We have finished our first full week of the 2014 legislative session and it has been an eventful one. During the first day, Democrats cut short opening comments and pulled a bill to the floor for a vote – the so-called “Dream Act”- which would extend state tuition assistance to undocumented students living illegally in Washington. I voted “no.”
On Tuesday, Gov. Inslee delivered his State of the State address. He advocated for more government and higher taxes – everything The Freedom Agenda is fighting against.
Throughout the week, my Freedom Agenda colleagues and I worked to empower citizens and rein in government through new rule changes and introduction of legislation. You can read more about this below.
Finally, the week ended with the Seahawks defeating the 49ers and securing the right to play in the Super Bowl in two weeks. Not a bad way to end the week.
During the legislative session, my Spokane Valley office will be closed. However, you may reach me through my Olympia office. I encourage you to call (360) 786-7984 or leave a message on the toll-free Legislative Hotline: 1-800-562-6000. You may also e-mail me at firstname.lastname@example.org.
Listen to our Freedom Agenda podcast on Sound Cloud. And go to Facebook and look for Freedom Agenda Washington.
Freedom Agenda Highlights
Lower taxes, less government and more freedom! That’s what The Freedom Agenda is all about. Each week in my e-newsletter, I will be highlighting Freedom Agenda bills. This week, we turn our attention to three:
- Prohibiting the use of transportation funds for public works of art or artistic designs
The governor wants to raise as much as 11 1/2 cents a gallon in state gasoline taxes, because he says the state doesn’t have enough money to build roads and pay for transportation projects. However, did you know that thousands of your taxpayer dollars are being diverted away from highway projects (i.e. pavement, building roads and bridges, etc.) to public art along and within those projects?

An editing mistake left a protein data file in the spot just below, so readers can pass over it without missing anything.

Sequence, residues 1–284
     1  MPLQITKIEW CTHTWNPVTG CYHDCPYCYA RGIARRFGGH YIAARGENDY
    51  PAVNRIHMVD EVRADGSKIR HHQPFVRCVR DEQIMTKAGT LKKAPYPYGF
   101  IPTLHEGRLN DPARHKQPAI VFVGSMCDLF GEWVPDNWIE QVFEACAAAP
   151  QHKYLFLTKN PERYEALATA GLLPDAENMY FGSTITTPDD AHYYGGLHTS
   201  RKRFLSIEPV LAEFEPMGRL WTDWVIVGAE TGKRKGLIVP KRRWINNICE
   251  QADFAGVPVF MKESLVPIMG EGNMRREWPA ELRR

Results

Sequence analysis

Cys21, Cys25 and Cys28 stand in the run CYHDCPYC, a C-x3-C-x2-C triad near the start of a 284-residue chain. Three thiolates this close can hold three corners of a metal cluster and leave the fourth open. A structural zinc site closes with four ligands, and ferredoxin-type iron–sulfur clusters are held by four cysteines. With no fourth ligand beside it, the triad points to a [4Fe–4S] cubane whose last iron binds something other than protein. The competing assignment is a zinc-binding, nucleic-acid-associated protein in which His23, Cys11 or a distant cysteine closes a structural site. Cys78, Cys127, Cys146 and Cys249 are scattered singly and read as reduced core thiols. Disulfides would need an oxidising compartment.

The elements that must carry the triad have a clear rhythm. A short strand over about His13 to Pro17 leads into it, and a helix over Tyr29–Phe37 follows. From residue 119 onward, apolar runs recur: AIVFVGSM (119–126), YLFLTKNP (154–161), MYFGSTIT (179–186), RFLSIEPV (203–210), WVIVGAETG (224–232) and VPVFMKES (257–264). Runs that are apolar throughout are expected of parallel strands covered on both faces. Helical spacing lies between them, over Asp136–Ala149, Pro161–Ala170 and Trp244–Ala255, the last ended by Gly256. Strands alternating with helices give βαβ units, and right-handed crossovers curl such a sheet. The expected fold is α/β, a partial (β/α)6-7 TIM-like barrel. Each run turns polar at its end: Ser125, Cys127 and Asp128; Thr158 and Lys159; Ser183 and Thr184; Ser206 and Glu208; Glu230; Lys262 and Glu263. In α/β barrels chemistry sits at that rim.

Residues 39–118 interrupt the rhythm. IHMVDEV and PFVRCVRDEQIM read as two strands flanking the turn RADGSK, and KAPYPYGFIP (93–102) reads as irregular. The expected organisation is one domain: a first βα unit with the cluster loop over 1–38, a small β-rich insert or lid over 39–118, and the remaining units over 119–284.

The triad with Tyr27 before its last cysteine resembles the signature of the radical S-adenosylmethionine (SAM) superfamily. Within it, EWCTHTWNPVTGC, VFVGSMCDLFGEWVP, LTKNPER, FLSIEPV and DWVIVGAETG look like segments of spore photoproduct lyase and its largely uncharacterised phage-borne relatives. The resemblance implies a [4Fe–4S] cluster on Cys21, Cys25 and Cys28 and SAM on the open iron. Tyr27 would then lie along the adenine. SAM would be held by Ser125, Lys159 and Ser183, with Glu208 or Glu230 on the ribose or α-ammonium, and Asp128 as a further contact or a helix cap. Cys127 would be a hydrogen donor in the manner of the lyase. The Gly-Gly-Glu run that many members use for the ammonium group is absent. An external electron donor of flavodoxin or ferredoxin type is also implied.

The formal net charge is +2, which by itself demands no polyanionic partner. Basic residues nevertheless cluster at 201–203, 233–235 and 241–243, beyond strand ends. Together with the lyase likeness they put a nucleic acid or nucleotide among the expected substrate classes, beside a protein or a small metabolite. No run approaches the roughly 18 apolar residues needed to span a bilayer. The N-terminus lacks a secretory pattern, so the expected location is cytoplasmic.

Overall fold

I have introduced House Bill 2092, a measure that would prohibit the use of transportation funds for public works of art or artistic designs. Let’s stop siphoning money away from needed projects, such as the North-South Freeway, so that we can actually build highway projects that have been in the works for years.
LEGISLATIVE ALERT – ACTION ITEM:
A public hearing on this bill will be held tomorrow, Jan. 21, at 3:30 p.m. in the House Transportation Committee. Please attend this hearing or send your comments to Rep. Judy Clibborn, chair of the House Transportation Committee. Her e-mail is: email@example.com
The Fourth Amendment to the U.S. Constitution says, “The right of the people to be secure in their persons, houses, papers, and effects, against unreasonable searches and seizures, shall not be violated.” However, did you know the National Security Administration (NSA) has a snooping facility located at the Yakima Training Area in central Washington? It’s time to protect your right to privacy and freedom!
Along with Rep. David Taylor, I have co-sponsored House Bill 2272, the Fourth Amendment Protection Act. The bill declares “it is the policy of this state to refuse material support, participation, or assistance to any federal agency which claims the power, or with any federal law, rule, regulation, or order which purports to authorize, the collection of electronic data or metadata of any person pursuant to any action not based on a warrant that particularly describes the person, place, and thing to be searched or seized.”